Date of creation: Sep 2001
Date of revision:
gender; occupational choice; risk; safety;
Other versions of this item:
- Thomas DeLeire & Helen Levy, 2001. "Gender, Occupation Choice and the Risk of Death at Work," NBER Working Papers 8574, National Bureau of Economic Research, Inc.
- J2 - Labor and Demographic Economics - - Demand and Supply of Labor
Please report citation or reference errors to , or , if you are the registered author of the cited work, log in to your RePEc Author Service profile, click on "citations" and make appropriate adjustments.:
- Anne Case & Christina Paxson, 2000.
"Mothers and Others: Who Invests in Children's Health?,"
NBER Working Papers
7691, National Bureau of Economic Research, Inc.
- Case, Anne & Paxson, Christina, 2001. "Mothers and others: who invests in children's health?," Journal of Health Economics, Elsevier, vol. 20(3), pages 301-328, May.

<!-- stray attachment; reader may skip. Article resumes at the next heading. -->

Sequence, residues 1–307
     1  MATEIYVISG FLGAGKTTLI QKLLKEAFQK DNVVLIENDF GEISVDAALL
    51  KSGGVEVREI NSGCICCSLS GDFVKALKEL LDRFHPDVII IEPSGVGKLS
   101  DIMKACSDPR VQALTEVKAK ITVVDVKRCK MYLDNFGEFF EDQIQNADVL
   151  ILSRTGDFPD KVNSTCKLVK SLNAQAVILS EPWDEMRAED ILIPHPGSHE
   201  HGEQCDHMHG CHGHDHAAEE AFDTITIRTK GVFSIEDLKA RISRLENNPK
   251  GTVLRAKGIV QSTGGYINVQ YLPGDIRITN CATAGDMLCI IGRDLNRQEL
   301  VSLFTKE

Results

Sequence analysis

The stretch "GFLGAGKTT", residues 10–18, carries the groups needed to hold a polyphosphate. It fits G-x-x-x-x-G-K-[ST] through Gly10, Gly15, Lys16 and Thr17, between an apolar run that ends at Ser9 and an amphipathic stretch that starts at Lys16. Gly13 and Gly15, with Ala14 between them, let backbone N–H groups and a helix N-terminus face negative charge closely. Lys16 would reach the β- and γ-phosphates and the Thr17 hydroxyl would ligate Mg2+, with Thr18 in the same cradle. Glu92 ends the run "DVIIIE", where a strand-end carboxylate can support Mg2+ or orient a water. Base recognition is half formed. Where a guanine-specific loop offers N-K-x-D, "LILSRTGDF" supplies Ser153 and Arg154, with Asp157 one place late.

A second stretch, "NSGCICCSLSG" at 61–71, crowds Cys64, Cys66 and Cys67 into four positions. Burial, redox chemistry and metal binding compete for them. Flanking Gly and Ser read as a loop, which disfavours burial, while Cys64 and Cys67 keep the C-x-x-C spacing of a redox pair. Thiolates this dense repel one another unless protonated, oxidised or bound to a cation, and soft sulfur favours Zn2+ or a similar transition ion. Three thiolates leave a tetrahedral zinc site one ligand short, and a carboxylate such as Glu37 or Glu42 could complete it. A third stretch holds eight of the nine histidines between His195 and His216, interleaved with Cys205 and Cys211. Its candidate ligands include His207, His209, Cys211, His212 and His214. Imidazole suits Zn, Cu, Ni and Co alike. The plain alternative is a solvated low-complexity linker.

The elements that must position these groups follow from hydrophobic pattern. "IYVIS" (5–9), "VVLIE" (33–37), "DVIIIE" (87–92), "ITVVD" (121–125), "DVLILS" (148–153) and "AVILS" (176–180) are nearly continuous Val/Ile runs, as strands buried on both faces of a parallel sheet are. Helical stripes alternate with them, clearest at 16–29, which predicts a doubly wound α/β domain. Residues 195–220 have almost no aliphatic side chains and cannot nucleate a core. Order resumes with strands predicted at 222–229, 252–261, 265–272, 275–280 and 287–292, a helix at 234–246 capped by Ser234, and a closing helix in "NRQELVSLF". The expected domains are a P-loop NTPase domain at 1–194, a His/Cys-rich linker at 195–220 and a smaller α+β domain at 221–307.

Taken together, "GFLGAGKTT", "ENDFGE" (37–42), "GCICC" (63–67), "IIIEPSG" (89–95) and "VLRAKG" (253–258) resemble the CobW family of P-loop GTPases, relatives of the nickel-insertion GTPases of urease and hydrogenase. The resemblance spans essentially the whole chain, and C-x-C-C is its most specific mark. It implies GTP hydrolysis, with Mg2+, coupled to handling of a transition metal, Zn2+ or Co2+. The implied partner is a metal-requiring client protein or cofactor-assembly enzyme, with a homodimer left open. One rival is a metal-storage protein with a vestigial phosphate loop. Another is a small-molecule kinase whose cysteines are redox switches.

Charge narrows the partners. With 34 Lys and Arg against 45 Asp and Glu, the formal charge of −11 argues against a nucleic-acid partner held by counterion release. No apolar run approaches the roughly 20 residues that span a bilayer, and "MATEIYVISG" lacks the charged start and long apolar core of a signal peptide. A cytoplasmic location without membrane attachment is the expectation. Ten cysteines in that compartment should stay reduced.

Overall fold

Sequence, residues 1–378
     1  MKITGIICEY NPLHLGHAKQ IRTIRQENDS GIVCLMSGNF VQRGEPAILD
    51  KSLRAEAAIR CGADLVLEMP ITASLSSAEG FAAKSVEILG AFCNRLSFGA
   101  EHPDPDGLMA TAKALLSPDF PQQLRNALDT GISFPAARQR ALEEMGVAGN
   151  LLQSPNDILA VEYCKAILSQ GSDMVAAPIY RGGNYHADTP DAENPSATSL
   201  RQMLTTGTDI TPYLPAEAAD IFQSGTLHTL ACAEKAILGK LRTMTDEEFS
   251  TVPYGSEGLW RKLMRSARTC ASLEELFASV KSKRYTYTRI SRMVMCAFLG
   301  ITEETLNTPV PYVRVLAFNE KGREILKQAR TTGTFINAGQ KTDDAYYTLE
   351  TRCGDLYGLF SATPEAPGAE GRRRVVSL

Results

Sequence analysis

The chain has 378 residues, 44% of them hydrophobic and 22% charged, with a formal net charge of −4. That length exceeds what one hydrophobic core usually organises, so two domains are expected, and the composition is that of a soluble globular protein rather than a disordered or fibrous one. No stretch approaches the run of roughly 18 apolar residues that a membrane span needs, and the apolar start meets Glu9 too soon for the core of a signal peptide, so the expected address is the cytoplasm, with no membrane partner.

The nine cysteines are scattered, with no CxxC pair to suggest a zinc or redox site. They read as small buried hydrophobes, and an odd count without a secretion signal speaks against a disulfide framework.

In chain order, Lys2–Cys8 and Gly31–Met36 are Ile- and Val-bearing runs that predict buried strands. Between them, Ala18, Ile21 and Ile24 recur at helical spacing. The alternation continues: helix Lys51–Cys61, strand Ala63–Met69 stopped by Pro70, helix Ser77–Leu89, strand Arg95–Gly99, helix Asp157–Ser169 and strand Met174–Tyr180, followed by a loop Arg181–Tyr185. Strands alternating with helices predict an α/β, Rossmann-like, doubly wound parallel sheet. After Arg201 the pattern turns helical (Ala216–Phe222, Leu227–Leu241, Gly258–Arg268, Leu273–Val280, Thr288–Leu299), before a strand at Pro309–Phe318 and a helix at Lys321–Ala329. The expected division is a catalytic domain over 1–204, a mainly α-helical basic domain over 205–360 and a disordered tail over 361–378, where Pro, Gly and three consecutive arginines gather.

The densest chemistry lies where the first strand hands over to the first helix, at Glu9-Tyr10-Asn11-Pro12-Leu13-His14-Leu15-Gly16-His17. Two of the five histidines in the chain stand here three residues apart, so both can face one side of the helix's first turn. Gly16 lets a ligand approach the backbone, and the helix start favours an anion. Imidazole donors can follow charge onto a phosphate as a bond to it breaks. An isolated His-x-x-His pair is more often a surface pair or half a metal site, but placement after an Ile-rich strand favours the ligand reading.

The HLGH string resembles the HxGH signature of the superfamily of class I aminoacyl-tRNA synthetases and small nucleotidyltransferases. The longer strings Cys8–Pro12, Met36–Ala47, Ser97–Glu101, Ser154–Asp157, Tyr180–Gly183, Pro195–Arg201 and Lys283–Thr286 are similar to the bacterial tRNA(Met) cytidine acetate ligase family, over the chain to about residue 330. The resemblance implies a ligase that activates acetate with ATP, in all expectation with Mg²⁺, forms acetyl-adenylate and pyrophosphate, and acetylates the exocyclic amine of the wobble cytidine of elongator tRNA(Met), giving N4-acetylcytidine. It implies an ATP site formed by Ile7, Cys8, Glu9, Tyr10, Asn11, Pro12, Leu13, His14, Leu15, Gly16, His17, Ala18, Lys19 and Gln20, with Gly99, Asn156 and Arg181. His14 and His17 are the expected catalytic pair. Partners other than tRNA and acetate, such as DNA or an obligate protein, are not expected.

- Anne Case & Christina Paxson, 2000. "Mothers and Others: Who Invests in Children’s Health?," Working Papers 277, Princeton University, Woodrow Wilson School of Public and International Affairs, Center for Health and Wellbeing..
- Deutsch, Joseph & Fluckiger, Yves & Silber, Jacques, 1994. "Measuring occupational segregation : Summary statistics and the impact of classification errors and aggregation," Journal of Econometrics, Elsevier, vol. 61(1), pages 133-146, March.
- Polachek, Solomon William, 1981. "Occupational Self-Selection: A Human Capital Approach to Sex Differences in Occupational Structure," The Review of Economics and Statistics, MIT Press, vol. 63(1), pages 60-69, February.
- Preston, Jo Anne, 1999. "Occupational gender segregation Trends and explanations," The Quarterly Review of Economics and Finance, Elsevier, vol. 39(5), pages 611-624.